The U.S. Department of Agriculture has launched a renewable energy initiative to boost fuel production from renewable sources, while the U.S. Environmental Protection Agency (EPA) plans to move forward with its fuel efficiency standard for medium- and heavy-duty trucks.
Agriculture Secretary Tom Vilsack told the National Press Club that the Biomass Crop Assistance Program (BCAP) is a “national imperative” to assist the biofuels industry, reports AFP.
Authorized in the Food, Conservation, and Energy Act of 2008, BCAP provides assistance to businesses involved in the production of eligible renewable biomass crops. Producers could receive payments of up to 75 percent of the cost of establishing eligible perennial crops. They also can receive payments for up to five years for annual or non-woody perennial crops and up to 15 years for woody perennial crops.
BCAP also provides matching payments for the transportation of certain eligible materials that are sold to qualified biomass conversion facilities. The facilities convert the materials into heat, power, bio-based products or advanced biofuels.
Vilsack also jointly announced with the Federal Aviation Administration (FAA) a five-year agreement to develop aviation fuel from forest and crop residues and other “green” feedstocks.
The partnership will develop a tool to evaluate the status of different components of a feedstock supply chain, such as availability of biomass from farms and forests, the potential of that biomass for production of jet fuel, and the length of time it will take to ramp up to full-scale production.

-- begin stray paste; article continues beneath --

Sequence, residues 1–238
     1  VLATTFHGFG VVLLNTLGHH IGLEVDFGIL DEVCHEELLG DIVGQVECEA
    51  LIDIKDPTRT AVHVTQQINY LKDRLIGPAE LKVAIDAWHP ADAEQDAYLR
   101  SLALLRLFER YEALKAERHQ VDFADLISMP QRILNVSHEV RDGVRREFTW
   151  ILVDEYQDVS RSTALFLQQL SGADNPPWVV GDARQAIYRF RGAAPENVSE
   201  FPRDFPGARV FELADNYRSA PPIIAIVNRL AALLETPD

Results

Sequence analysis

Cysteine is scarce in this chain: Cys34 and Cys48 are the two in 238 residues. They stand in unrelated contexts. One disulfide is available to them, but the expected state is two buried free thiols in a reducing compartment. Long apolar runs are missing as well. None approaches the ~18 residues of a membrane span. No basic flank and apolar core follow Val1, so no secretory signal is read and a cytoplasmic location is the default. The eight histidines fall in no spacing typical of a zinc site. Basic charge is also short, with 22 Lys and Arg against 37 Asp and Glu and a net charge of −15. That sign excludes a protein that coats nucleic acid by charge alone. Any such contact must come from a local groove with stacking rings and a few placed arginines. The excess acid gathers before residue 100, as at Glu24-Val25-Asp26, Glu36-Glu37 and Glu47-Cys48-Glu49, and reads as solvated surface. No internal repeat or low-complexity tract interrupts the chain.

The agencies already have existing programs and collaborative agreements with private and public partners and resources to help biorefiners develop cost-effective production plans for jet aircraft biofuels.
According to a new biofuels report from the USDA’s Economic Research Service (ERS), replacing more petroleum with cost-competitive domestic biofuels reduces crude oil imports, which will lower energy prices.
Meanwhile, the EPA and DOT are expected to announce that they are moving ahead with fuel-efficiency rules for medium- and heavy-duty trucks for 2014-1018 model years, reports NPR.
The EPA and DOT sent draft rules to the White House in August that would for the first time cut greenhouse gas (GHG) emissions from heavy trucks and buses.
The plan is expected to cut GHG emissions and fuel consumption from long-haul trucks by about 20 percent, with an overall reduction of 10 percent to 20 percent in fuel consumption and emissions based on the size of the vehicle, according to the article.
The rules will cover big rig tractor-trailers, “vocational trucks” such as garbage trucks and transit and school buses, and work trucks such as heavy-duty versions of the Ford F-Series, Dodge Ram and Chevrolet Silverado.
As part of President Obama’s push to increase vehicle fuel efficiency across the board, vehicles also are required to reach a fuel efficiency of 35.5 miles per gallon (mpg) by 2016, and plans are in the works to push standards to 47 to 62 mpg by 2025, according to NPR.